Transformational Accomplishments Report Wins Gold Hermes Creative Award

The Forest Enhancement Society of BC (FESBC) doesn’t want to be just another funder of projects or a make-work program. They want meaningful and durable transformational shifts to greener economies, healthier ecosystems, reduced risk of mega wildfires in forests, improved wildlife habitat, and more. Therefore, FESBC took a very strategic approach to funding projects, seeking to maximize multiple long-term benefits. The projects are about the local people, communities and organizations who are doing the hard work to create a different future. Their stories needed to be told.

FESBC has just been recognized with a Gold Hermes Creative Award in the Print Media category for their 2022 Accomplishments Report. This prestigious honour not only underscores FESBC’s unwavering commitment to effective communication and high-quality storytelling but also validates their efforts to enhance the province’s forests through funding good forestry management projects. This marks the second time FESBC has won the creative award.

Produced in collaboration with Amplify Consulting Inc. and Signet Studio, the 32-page publication highlights 263 transformational forestry projects throughout British Columbia. The report features striking photography and compelling stories to provide readers with a clear understanding of forestry’s role in taking action on climate change and driving positive long-term economic and social benefits.

Steve Kozuki, Executive Director of FESBC, expressed his gratitude, stating, “This recognition of our Accomplishments Report is a testament to the hard work and dedication of everyone involved in the project. We are thrilled to have received this award and continue to work diligently to enhance our forests for the benefit of all British Columbians.”

The Accomplishments Report highlights eight forestry stories of transformation that have benefited communities, workers, and the environment. It celebrates the outstanding work being done with the many millions of dollars allocated by the Province of British Columbia to support forest enhancement initiatives throughout the province.

Kozuki believes that the Accomplishments Report is an important tool for showcasing the work being done by the forest sector across the province.

“Forestry can be an unsung hero because the work is oftentimes not seen or understood. Local people know that forests can be a means to achieve many social, economic and environmental goals. By telling the stories of remarkable people and communities working to enhance our forests through this report, we can shine a spotlight to build understanding for all the good work happening in forestry, and that benefits us all.”

The Hermes Creative Awards is an international competition that recognizes outstanding work in the creative industry. With over 6,500 entries from all over the world, the competition is highly competitive, and a gold award is a significant achievement.

Read the 2022 Accomplishments Report here.

FESBC Finalist for 2023 BC Cleantech Awards

The Forest Enhancement Society of BC (FESBC) is pleased to announce that it was named a finalist for the 2023 BC Cleantech Funder of the Year award by Foresight Canada.

“We are thrilled to be nominated for the Funder of the Year award,” said Dave Peterson, Board Chair of FESBC. “This recognition is a testament to the hard work of forest workers and communities from all across British Columbia who are helping to implement real-world climate change solutions on the ground.”

The BC Cleantech Awards recognize organizations and thought leaders throughout the province’s cleantech ecosystem who are making an impact in everything cleantech. The Funder of the Year category recognizes organizations that have provided the most support to the BC cleantech ecosystem through financial investments, mentorship, and/or resources.

“We feel honored to be named a finalist for the Funder of the Year category alongside an impressive line up of other organizations,” Peterson added. “Our commitment to the province’s climate change goals is unwavering, and we are proud to be part of such an innovative community.”

FESBC is a not-for-profit society that funds forest enhancement projects ranging from wildfire risk reduction and wildlife habitat enhancement, to enhanced utilization of waste wood fibre and replanting trees after devastating natural disasters. FESBC has supported 305 projects across the province with an investment of $261 million in funding to date. Through these projects, FESBC funding has been able to make significant contributions toward reducing greenhouse gas emissions, enhancing wildlife habitats, utilizing fibre from damaged and low-value forests, and supporting the development of the bioenergy sector. The portfolio of projects is very strategic in that they accelerate the expansion of the bioeconomy and bequeath a legacy of healthy and resilient forests to future generations of British Columbians. The province’s most recent funding announcement of $50 million will enable forest workers and communities to continue this important work.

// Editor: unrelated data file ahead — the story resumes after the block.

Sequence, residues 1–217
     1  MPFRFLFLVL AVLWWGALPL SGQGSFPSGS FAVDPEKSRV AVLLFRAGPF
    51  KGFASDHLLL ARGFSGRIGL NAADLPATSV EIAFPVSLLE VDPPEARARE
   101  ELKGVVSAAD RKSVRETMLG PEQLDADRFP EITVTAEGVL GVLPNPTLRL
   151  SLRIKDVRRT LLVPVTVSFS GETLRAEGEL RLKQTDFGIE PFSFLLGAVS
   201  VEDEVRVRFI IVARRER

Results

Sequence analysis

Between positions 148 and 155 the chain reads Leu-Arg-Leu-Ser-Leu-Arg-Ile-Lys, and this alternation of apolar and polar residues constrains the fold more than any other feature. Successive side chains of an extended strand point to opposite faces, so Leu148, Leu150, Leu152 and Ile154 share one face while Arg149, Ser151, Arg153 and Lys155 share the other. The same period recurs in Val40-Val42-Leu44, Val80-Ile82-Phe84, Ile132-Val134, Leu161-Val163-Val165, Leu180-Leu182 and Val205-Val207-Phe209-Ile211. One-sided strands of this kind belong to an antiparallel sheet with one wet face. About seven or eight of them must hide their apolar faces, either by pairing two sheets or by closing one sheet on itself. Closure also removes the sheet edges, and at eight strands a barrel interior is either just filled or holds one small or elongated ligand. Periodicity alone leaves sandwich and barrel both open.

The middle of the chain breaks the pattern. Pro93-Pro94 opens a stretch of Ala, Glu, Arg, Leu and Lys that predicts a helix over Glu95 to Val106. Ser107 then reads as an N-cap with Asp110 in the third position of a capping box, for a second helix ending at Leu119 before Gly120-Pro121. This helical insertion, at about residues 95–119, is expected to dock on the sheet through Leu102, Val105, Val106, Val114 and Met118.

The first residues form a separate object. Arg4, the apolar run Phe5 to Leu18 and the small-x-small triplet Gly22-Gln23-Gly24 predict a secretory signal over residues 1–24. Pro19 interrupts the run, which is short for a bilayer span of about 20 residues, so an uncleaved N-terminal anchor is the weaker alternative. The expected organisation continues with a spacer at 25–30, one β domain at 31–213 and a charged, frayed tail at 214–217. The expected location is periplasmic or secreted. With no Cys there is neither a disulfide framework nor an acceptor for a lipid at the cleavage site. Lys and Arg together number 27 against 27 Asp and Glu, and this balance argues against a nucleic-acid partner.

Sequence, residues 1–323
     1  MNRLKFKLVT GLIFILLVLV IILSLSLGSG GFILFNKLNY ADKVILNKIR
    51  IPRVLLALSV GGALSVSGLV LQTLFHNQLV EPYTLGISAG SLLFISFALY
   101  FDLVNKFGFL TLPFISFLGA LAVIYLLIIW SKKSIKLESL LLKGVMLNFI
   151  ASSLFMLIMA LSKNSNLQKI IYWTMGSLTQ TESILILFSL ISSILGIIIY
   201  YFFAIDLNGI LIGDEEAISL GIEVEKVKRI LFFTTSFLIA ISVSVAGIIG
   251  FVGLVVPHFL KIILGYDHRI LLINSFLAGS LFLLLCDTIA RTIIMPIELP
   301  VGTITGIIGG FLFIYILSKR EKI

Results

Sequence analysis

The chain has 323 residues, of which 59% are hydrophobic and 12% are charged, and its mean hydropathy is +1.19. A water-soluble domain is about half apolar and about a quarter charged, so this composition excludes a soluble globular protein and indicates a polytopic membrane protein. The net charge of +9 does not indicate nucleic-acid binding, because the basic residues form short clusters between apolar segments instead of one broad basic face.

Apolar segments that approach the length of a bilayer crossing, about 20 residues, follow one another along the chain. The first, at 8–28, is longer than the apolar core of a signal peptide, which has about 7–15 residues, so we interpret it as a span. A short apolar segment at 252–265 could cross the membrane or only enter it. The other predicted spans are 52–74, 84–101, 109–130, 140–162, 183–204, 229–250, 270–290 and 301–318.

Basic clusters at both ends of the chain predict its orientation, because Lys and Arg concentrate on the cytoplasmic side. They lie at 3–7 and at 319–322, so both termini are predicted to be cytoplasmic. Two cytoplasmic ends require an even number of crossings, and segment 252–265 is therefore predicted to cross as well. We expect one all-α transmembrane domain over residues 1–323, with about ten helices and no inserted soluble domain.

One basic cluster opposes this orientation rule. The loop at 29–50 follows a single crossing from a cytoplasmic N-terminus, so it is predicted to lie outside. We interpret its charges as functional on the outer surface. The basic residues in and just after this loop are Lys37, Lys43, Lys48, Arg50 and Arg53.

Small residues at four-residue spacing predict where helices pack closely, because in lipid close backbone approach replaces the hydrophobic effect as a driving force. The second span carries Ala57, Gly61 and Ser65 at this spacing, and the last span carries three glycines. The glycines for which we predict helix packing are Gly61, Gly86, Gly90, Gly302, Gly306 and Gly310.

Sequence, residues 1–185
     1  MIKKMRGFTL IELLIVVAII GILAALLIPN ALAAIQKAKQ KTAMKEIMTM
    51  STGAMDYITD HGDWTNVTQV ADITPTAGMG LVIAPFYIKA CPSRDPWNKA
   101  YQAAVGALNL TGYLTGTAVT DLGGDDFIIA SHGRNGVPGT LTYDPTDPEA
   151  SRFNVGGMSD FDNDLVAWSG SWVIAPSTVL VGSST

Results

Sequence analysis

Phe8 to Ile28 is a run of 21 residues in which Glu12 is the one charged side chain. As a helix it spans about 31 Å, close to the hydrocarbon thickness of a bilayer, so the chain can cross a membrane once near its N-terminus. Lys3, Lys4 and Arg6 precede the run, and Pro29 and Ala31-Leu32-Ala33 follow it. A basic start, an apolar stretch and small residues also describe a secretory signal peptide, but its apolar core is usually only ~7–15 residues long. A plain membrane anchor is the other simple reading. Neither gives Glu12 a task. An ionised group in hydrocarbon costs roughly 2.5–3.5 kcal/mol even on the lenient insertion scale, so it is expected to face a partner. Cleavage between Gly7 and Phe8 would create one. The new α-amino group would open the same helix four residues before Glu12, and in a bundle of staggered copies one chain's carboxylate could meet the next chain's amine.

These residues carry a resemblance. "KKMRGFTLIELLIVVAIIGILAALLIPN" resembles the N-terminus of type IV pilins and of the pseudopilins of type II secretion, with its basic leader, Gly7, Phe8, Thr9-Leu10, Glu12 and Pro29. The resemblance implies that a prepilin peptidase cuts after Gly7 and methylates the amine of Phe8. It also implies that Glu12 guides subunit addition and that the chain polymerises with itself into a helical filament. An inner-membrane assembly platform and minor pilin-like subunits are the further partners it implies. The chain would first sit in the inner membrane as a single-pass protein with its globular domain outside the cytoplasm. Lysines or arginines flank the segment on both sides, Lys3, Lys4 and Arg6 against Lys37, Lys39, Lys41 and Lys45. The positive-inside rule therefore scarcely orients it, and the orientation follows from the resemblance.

For more information about FESBC, please visit:

Accomplishments Update Highlights Nature-based Forestry Solutions Taking Action on Climate Change

British Columbia: The Forest Enhancement Society of BC (FESBC), together with the Office of the Chief Forester, the BC Ministry of Forests, and many project partners across the province of British Columbia, has released an accomplishments update highlighting the innovative nature-based forestry solutions taking real action on climate change.

“The Forest Enhancement Society of BC supports First Nations, community forests, rural communities, and many others who take on projects to contribute to the Province’s key commitments to strengthen forest health and ecosystems, while creating good jobs in communities across the province,” said Bruce Ralston, Minister of Forests. “FESBC, along with their project partners, are making significant progress to enhance forest resiliency to wildfire and climate change for the lasting benefit of British Columbians. We are building on this foundation through a new investment of $50 million so FESBC can deliver projects that get fibre to pulp and value-added mills, while also reducing emissions and safeguarding communities from wildfire.”

New growth. Photo credit: Forest Enhancement Society of BC

The accomplishments update titled “Rising to the Climate Change Challenge,” shares details about the collaboration of provincial, national, and international partners to harness the power of forestry as a part of the global solution.

“We are fortunate in British Columbia to have people with skills, expertise and world-class forest management experience turning their full attention to addressing the challenges of climate change,” noted Shane Berg, RPF, Chief Forester. “Recognizing the urgency, and embracing a leadership role, over the past year the Province of BC has invested in growing internal expertise and capacity and putting climatic ecosystem data into the hands of forest practitioners and managers. Our team is constantly promoting innovative solutions and supporting new partnerships to ensure that BC’s forests are healthy and resilient.”